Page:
Overview

Distribution

Range Description

This species is endemic to the coast of northern Somalia at the Horn of Africa (Röckel et al. 1995), a coastline of approx 1,800 km.
Creative Commons Attribution Non Commercial Share Alike 3.0 (CC BY-NC-SA 3.0)

© International Union for Conservation of Nature and Natural Resources

Source: IUCN

Trusted

Article rating from 0 people

Default rating: 2.5 of 5

Ecology

Habitat

Habitat and Ecology

Habitat and Ecology
This is a deep water species, reported to inhabit depths of about 120-150 m (Röckel et al. 1995). Adults of the species will grow to approx 41 mm although they will typically be less than this. This species has lecithotrophic larval development as inferred from its protoconch (G. Raybaudi pers. comm. October 2011).

Systems
  • Marine
Creative Commons Attribution Non Commercial Share Alike 3.0 (CC BY-NC-SA 3.0)

© International Union for Conservation of Nature and Natural Resources

Source: IUCN

Trusted

Article rating from 0 people

Default rating: 2.5 of 5

Conservation

Conservation Status

IUCN Red List Assessment


Red List Category
DD
Data Deficient

Red List Criteria

Version
3.1

Year Assessed
2013

Assessor/s
Raybaudi-Massilia, G.

Reviewer/s
Peters, H. & Veldsman, S.G.

Contributor/s

Justification

This species has a restricted range along the Somali coast in an area of great political instability. It is a dangerous area to visit, which may provide protection from collecting.. However, all information on this species stems from the 1990s. After this, virtually nothing is known about this species, so that further research is needed before making a more accurate conservation assessment. This species is currently listed as Data Deficient.

Creative Commons Attribution Non Commercial Share Alike 3.0 (CC BY-NC-SA 3.0)

© International Union for Conservation of Nature and Natural Resources

Source: IUCN

Trusted

Article rating from 0 people

Default rating: 2.5 of 5

Population

Population
There is no population information available for this species, as it is known from no more than fifty specimens all of which were reported in the 1990s.

Population Trend
Unknown
Creative Commons Attribution Non Commercial Share Alike 3.0 (CC BY-NC-SA 3.0)

© International Union for Conservation of Nature and Natural Resources

Source: IUCN

Trusted

Article rating from 0 people

Default rating: 2.5 of 5

Threats

Major Threats

Somalia’s coasts are under similar threats to those being experienced in the entire Red Sea area. These being threats derived from urban developments, sewage discharges, shipping and associated spills and pollution. Untreated domestic and municipal wastes are dumped into the sea through the port facilities in Mogadishu and other parts of Somalia's Red Sea coast. Other types of marine pollution resulting from agricultural growth and development may also be affecting the coastal areas of Somalia (Carbone and Accordi 2000). However, we are lacking sufficient and recent information to assess the effects of these threats on this species.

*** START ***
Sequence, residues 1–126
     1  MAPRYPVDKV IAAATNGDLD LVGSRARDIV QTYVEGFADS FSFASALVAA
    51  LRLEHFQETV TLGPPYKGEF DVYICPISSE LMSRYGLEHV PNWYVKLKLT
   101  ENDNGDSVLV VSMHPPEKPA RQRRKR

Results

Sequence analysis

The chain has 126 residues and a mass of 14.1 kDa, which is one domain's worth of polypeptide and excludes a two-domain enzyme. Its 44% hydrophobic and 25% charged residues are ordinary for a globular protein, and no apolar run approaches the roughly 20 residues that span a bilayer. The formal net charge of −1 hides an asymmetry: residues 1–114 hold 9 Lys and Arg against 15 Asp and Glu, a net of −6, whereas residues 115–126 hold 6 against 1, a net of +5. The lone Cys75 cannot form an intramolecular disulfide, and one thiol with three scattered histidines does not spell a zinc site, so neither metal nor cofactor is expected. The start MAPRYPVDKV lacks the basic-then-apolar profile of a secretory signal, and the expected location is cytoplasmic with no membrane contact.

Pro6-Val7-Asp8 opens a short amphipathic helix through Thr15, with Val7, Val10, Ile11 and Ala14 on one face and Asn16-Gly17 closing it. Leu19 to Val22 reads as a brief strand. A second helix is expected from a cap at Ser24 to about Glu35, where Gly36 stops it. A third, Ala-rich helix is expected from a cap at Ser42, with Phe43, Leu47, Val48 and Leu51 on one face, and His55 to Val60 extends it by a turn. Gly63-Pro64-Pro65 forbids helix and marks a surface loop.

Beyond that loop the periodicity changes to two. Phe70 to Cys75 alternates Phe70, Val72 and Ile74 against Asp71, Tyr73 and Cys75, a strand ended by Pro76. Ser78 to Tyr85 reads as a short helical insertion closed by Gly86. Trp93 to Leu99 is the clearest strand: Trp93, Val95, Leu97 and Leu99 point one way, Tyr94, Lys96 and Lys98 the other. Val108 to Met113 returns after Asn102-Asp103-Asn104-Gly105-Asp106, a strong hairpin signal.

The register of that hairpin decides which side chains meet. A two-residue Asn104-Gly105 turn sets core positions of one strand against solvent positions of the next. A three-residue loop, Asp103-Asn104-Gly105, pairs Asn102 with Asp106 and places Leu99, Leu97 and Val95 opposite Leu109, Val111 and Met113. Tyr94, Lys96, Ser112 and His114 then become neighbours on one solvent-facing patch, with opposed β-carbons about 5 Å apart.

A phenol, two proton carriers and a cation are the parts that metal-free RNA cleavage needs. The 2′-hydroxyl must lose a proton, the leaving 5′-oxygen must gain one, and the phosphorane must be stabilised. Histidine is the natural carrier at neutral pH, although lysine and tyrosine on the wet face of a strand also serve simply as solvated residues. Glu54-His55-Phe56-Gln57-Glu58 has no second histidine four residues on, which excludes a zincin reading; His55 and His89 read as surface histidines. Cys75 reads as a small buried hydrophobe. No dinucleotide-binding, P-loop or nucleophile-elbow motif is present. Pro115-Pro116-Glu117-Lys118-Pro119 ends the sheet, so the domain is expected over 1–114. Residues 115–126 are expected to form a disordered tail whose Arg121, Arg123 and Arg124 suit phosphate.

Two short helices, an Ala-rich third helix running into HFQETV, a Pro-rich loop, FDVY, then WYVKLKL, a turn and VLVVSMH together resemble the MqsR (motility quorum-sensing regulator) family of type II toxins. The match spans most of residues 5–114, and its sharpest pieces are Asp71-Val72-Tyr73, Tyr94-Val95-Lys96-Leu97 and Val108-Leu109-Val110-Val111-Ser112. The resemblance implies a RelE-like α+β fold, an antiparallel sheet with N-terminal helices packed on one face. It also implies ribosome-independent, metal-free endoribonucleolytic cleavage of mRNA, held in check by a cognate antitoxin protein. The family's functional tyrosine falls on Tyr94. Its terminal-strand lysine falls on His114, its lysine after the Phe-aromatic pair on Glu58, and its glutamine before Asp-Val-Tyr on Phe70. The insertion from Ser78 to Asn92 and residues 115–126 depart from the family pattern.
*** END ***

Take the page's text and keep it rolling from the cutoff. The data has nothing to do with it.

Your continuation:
There are insufficient data to determine the abundance of this species. Political instability in much of its range makes it impossible to determine levels of offtake or changes in habitat.

Creative Commons Attribution Non Commercial Share Alike 3.0 (CC BY-NC-SA 3.0)

© International Union for Conservation of Nature and Natural Resources

Source: IUCN

Trusted

Article rating from 0 people

Default rating: 2.5 of 5

Management

Conservation Actions

Conservation Actions
This species is very scarce in the market and would benefit from further research into populations, distribution, habitat, and threats before any action plan can be formulated. There are no known conservation measures currently in place for this species.
Creative Commons Attribution Non Commercial Share Alike 3.0 (CC BY-NC-SA 3.0)

© International Union for Conservation of Nature and Natural Resources

Source: IUCN

Trusted

Article rating from 0 people

Default rating: 2.5 of 5

Wikipedia

Conus bondarevi

Conus bondarevi is a species of sea snail, a marine gastropod mollusk in the family Conidae, the cone snails and their allies.[1]

Like all species within the genus Conus, these snails are predatory and venomous. They are capable of "stinging" humans, therefore live ones should be handled carefully or not at all.

Contents

Description

Distribution

References

  1. ^ Conus bondarevi Röckel & G. Raybaudi Massilia, 1992.  Retrieved through: World Register of Marine Species on 27 March 2010.
Creative Commons Attribution Share Alike 3.0 (CC BY-SA 3.0)

Source: Wikipedia

Unreviewed

Article rating from 0 people

Default rating: 2.5 of 5

Disclaimer

EOL content is automatically assembled from many different content providers. As a result, from time to time you may find pages on EOL that are confusing.

To request an improvement, please leave a comment on the page. Thank you!